KUALA LUMPUR: The closure of schools and institutions of higher learning during the movement control order (MCO) period has presented new challenges to educators in ensuring continuity of the teaching and learning process.
While online teaching and learning is not new in this country, not all students, however, can benefit from it as it requires the availability of widespread access to broadband Internet infrastructure.
According to Universiti Kebangsaan Malaysia Centre for Education and Community Well-Being lecturer Anuar Ahmad, looking at the current situation, Malaysia is not fully ready to embrace online teaching and learning as Internet services in rural areas are slow and unstable.
“Many students who live in kampungs and remote areas returned home after the MCO was enforced and they don’t have proper Internet access in their areas,” he said, adding that this is the reason the government is unable to fully optimise online teaching applications in the nation’s education system.
Clearly, the Covid-19 pandemic is a wake-up call for the government to focus more intently on online teaching and learning which has yet to reach a satisfactory level in this country.
Not an option
Prior to the virus outbreak, said Anuar, online teaching and learning was merely viewed as an option but now with the MCO extended from two weeks to one month (March 18 to April 14), it has become a necessity.
Moreover, with most of the students homebound now, online learning is their only choice.
“However, lecturers and teachers will need a little time to prepare their materials. They also have to improve their information technology skills, as well as online pedagogy and evaluation skills,” he told Bernama.
He said all universities have online teaching and learning platforms and that, in view of the poor Internet services in rural areas, the best teaching tools were non real-time applications such as Google Classroom, Telegram and WhatsApp.
Live teaching through video-conferencing applications like Zoom has to be a secondary option as such tools require strong Internet connections, he added.
Universiti Pendidikan Sultan Idris (UPSI) vice-chancellor Prof Datuk Dr Mohammad Shatar Sabran also admitted that universities have yet to optimise online teaching platforms.
The Covid-19 crisis has created “a good opportunity” for the authorities to review the existing online teaching and learning system and improve its effectiveness, he said.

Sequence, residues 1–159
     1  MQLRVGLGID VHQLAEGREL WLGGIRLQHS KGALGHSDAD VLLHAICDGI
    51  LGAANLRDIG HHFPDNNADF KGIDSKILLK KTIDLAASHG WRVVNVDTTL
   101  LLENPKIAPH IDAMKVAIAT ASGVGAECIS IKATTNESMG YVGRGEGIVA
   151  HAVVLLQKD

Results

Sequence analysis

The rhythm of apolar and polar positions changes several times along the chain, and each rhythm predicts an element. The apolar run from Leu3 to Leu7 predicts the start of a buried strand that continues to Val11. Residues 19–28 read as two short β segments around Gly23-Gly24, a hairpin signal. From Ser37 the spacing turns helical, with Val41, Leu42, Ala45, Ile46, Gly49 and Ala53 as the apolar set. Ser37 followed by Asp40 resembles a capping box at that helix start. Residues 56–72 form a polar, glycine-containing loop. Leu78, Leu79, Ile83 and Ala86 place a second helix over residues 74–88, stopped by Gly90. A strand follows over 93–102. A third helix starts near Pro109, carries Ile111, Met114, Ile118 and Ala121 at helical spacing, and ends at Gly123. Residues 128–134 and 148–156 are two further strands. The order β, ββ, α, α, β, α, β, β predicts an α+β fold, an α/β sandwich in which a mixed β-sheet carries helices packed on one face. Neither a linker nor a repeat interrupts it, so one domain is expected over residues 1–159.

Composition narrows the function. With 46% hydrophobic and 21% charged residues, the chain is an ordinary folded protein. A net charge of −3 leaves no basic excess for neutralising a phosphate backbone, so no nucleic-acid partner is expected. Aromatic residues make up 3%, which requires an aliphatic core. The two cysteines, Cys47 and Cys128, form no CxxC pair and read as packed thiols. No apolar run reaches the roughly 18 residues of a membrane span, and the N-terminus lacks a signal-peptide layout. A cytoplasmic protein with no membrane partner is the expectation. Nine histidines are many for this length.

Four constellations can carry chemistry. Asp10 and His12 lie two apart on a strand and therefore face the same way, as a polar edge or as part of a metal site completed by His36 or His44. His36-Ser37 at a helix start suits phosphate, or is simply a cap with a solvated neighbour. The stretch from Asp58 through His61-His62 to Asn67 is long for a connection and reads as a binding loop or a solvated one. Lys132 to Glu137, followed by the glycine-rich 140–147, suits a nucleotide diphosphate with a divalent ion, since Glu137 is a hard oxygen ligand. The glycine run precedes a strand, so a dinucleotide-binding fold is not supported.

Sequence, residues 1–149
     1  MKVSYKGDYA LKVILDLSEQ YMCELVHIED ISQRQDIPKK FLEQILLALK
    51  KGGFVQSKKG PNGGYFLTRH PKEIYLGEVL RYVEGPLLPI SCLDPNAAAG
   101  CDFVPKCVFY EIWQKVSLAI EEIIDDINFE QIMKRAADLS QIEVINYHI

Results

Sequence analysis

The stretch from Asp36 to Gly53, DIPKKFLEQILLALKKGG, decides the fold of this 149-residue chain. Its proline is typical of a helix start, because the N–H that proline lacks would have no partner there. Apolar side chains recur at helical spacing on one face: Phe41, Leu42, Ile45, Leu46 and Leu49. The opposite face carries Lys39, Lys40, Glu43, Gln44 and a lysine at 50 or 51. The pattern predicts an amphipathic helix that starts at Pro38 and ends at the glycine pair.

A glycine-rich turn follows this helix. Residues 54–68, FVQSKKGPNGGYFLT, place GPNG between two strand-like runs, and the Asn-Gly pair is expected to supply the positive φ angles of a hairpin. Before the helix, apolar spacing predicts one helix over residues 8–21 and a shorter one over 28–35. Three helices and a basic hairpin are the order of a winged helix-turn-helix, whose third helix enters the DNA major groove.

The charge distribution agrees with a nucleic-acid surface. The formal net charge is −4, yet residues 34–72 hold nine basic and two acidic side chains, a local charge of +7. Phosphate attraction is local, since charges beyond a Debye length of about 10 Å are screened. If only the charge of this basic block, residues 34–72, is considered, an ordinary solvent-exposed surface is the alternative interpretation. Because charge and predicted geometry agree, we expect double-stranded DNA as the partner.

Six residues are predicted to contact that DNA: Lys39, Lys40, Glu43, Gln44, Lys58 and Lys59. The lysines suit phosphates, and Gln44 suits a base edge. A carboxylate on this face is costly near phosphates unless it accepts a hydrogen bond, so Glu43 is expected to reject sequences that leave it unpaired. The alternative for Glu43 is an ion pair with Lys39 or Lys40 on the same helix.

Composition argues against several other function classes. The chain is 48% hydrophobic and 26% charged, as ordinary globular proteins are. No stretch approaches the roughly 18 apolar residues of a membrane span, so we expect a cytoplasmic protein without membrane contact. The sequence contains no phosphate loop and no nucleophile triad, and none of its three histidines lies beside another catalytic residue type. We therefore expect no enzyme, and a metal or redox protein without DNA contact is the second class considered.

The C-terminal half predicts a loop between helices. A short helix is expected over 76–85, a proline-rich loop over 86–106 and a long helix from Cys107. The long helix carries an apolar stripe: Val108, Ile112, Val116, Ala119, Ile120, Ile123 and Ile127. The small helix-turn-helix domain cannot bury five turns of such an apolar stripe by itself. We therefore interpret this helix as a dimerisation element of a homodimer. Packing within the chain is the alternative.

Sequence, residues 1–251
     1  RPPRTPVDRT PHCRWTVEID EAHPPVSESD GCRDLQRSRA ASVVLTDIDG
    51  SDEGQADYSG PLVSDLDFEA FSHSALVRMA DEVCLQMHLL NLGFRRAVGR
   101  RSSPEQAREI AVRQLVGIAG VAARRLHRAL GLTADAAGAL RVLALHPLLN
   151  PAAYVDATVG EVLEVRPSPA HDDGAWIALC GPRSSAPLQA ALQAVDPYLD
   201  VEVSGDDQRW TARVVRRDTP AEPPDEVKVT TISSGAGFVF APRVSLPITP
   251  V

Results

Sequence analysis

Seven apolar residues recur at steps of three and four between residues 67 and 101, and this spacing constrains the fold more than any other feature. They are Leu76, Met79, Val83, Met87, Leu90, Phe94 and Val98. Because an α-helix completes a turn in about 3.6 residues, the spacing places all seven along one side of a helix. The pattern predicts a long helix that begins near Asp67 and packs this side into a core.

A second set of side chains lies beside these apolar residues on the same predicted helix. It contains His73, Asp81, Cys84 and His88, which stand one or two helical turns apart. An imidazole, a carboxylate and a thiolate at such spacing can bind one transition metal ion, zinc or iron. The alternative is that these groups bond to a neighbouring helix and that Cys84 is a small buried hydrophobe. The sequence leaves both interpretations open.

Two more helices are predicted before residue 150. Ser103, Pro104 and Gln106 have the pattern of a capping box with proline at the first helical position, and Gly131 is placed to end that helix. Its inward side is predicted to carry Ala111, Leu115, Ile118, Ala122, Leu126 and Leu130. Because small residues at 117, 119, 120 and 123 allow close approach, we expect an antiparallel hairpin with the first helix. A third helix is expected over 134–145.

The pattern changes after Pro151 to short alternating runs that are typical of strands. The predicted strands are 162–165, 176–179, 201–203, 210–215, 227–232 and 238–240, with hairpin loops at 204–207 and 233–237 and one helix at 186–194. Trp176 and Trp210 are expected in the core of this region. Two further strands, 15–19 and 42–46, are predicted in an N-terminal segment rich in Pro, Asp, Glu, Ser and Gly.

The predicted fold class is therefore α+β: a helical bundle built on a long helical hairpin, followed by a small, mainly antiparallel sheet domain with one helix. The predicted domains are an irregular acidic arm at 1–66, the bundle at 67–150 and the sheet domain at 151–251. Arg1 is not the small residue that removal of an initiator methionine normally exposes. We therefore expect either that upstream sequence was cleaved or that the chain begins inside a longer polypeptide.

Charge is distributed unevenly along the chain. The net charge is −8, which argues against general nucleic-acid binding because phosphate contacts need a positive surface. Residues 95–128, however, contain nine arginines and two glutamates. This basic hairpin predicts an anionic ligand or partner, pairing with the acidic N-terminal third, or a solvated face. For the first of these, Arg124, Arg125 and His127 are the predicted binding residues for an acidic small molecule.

“The time has come for our nation to step up online teaching. Several advanced countries have been doing it for a long time as they have realised its importance,” he said.
Need better internet service
Mohammad Shatar said universities can conduct teaching sessions via video recordings that can be sent to students via WhatsApp or Telegram.
“This (video learning) can be done if real-time online teaching cannot be implemented due to problematic Internet networks (in certain areas),” he said.
He said online teaching is not something new for universities as it is applied in the case of off-campus and offshore students.
“UPSI itself has several offshore students in Sibu, Tawau, Kota Kinabalu and in Indonesia. Our university is now planning to extend its offshore campus to China and Middle Eastern nations.
“If not for online learning applications, teaching our offshore students would have posed logistic and other problems for our lecturers,” he said.
Meanwhile, Haslindar Nor Ismail, who teaches Bahasa Melayu at Sekolah Menengah Kebangsaan Seri Mulia, Cheras, said the extension of the MCO period would have an impact on the teaching syllabus fixed by the Ministry of Education.
Since the implementation of MCO, she has been teaching her students via the Google Classroom application to ensure that they are not left behind.
“However, not all the students are able to participate in the virtual classroom lessons as many of them are not familiar with this mode of teaching,” said Haslindar, who has 20 years of teaching experience.
She said lack of devices and Internet access also prevented them from participating in the online classes as many of her students hail from urban poor families who cannot afford to buy a smartphone, laptop or personal computer.
She said even teachers living in rural areas have trouble conducting virtual classes due to weak Internet access. Besides that, some teachers do not have the know-how to conduct online classes.
“The Education Ministry has (over the years) introduced various online teaching platforms but they merely served as teaching aids. Now with the enforcement of MCO, online teaching is being viewed as the primary teaching mode,” she said.
The time has come to fortify the online teaching and learning process to enable education institutions to be prepared for all eventualities in the future, she added. – Bernama